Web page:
Marriage and family therapy is a wonderful tool that many families utilize. About 1.8 million people are in therapy with a marriage and family therapist at any given time period. Marriage and family therapy can provide the necessary treatment in order for couples and families to lead happier and healthier lives together.
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Marriage and family therapy is a form of psychotherapy, or talk therapy, that deals with the behaviors of family members and how these behaviors affect individual family members, the relationship between family members, and the family as a whole. These different family dynamics require therapy to be conducted both with individuals as well as with the couple or family. This type of therapy addresses a variety of issues which include marital conflict, sexual dysfunction, children's behavioral problems, parent and child conflict, drug and alcohol abuse, domestic violence, eating disorders, anxiety, depression, and grief. It's considered by the federal government to be one of the core mental health professions with psychology, psychiatry, psychiatric nursing, and social work.
How it Works
Marriage and family therapy is known to be brief and focused on finding solutions. The participants and therapist define specific therapeutic goals and work towards an end date. While some types of therapy can go on for years, a marriage and family case requires, on average, 12 sessions, according to the American Association for Marriage and Family Therapy.
In therapy, the marriage and family therapist begins by meeting with the couple or family as a whole. Then, the therapist meets with individuals separately, although sometimes in family therapy this step is omitted because the therapist deems it unnecessary. The purpose of the initial session is for the therapist to gather information about the issue that prompted therapy, to understand everyone's opinion, and to observe the couple's or family's dynamics. In this session, the therapist usually makes known what their role is, defines the therapy goals, and states any rules to be observed during and after the session. Throughout the various therapy sessions, the participants identify the roles and behaviors that create conflict and explore different means of resolving the issues.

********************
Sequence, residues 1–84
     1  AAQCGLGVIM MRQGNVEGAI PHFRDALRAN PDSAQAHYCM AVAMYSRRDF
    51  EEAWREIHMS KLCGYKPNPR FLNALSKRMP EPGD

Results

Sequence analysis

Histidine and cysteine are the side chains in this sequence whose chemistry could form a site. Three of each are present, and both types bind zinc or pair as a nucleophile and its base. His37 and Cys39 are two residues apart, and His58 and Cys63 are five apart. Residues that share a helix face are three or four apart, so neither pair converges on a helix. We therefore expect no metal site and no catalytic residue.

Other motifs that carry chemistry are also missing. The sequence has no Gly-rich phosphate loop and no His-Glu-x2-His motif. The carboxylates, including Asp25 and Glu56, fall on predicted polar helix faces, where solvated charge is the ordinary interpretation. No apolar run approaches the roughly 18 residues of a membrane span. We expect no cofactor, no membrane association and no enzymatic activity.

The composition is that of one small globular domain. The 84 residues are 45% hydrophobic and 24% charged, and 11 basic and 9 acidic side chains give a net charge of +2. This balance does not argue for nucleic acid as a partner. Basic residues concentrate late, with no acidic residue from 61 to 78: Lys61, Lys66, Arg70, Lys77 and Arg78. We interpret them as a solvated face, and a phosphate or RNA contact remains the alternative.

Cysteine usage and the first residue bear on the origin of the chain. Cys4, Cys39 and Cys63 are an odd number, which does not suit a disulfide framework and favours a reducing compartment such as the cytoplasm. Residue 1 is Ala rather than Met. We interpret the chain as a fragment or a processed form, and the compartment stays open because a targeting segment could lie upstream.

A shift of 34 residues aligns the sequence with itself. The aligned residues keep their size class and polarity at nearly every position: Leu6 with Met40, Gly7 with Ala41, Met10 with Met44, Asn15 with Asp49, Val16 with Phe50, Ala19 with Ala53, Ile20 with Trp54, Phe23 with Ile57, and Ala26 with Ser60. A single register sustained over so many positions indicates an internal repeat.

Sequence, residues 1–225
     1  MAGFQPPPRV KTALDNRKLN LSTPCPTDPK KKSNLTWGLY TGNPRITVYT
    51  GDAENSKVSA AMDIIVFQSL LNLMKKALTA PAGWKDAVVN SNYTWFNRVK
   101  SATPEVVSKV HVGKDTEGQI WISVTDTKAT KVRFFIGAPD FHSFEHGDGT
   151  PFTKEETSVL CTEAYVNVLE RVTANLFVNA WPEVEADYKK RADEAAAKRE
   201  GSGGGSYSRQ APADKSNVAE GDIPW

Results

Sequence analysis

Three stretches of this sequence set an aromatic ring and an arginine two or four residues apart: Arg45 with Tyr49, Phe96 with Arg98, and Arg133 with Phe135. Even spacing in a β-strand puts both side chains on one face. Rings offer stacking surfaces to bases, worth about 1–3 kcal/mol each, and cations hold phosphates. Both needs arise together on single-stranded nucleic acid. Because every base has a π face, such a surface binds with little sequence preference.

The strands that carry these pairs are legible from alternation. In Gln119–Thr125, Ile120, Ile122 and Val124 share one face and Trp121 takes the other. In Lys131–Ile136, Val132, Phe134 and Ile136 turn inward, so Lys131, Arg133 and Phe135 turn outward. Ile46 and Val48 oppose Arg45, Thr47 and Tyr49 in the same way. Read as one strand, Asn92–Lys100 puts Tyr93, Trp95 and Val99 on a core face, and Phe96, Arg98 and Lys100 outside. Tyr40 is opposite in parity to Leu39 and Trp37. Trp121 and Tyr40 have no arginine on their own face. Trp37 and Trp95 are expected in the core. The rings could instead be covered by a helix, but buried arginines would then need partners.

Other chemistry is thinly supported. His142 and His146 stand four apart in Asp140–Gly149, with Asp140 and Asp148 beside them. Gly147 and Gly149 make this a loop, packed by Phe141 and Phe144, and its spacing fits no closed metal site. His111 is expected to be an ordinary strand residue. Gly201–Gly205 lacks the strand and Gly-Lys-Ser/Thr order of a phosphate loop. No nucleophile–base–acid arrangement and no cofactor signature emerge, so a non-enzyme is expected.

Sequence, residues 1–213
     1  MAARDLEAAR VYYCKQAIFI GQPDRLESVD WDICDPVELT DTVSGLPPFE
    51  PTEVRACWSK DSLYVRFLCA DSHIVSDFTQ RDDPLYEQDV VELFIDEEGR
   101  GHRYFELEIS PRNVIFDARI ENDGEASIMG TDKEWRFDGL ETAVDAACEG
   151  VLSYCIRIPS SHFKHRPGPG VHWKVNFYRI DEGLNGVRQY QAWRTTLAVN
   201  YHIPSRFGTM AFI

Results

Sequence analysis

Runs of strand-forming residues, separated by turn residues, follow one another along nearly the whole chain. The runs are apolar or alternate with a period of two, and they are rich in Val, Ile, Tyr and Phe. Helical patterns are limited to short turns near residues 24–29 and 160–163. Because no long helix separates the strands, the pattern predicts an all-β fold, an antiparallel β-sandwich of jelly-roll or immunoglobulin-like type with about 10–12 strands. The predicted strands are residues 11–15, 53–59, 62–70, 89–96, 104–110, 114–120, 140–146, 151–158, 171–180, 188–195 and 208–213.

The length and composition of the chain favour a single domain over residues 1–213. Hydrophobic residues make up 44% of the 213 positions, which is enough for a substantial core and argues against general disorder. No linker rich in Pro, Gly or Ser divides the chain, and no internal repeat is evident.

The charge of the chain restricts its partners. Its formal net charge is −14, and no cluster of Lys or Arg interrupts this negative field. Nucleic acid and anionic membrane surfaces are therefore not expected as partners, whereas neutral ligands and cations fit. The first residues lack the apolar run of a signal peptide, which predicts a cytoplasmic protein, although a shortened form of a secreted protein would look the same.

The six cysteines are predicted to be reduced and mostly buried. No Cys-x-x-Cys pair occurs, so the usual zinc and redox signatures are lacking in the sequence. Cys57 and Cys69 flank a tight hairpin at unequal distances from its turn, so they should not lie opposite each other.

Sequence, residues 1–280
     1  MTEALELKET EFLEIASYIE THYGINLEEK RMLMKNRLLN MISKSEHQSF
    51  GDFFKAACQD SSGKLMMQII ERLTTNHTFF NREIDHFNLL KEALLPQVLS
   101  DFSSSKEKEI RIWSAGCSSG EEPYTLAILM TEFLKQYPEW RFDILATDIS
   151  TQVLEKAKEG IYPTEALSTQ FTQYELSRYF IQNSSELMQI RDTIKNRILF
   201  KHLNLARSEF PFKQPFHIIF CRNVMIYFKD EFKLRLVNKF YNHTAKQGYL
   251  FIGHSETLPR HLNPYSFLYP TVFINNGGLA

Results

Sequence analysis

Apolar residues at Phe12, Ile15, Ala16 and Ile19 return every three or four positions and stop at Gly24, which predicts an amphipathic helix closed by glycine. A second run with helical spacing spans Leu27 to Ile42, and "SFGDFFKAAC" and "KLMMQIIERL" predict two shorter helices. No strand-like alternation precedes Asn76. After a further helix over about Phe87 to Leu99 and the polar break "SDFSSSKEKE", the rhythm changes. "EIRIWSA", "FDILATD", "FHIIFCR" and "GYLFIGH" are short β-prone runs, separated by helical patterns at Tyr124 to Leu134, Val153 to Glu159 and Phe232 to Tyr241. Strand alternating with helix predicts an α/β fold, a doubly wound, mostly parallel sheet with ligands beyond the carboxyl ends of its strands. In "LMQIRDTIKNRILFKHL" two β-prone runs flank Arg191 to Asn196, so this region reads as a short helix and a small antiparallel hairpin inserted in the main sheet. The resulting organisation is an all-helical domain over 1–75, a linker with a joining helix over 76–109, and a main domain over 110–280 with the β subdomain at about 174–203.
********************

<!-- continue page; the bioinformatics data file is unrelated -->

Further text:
Common Techniques Used
Marriage and family therapists utilize multiple techniques based on the situation and dynamics of the case. Structural therapy is a common technique that is used. This technique evaluates the power dynamics in a family and seeks to redistribute power, if necessary, with the goal of empowering and encouraging respect among family members. Strategic therapy, a technique in which the therapist studies the patterns of conflicts and interactions between family members, is also used. Family members are assigned tasks in order to increase their awareness of their behavioral patterns and strive to improve their interactions. Transgenerational therapy is often used to analyze the conflicts in relationships that occur over multiple generations in a family. In therapy, these conflicts are addressed, along with any problematic belief system that has been passed down from one generation to the next in order to develop solutions for positive change.
According to the United States Bureau of Labor Statistics, there were 41,500 practicing marriage and family therapists in 2016. Their work addresses a wide range of issues and helps couples and families live happier lives.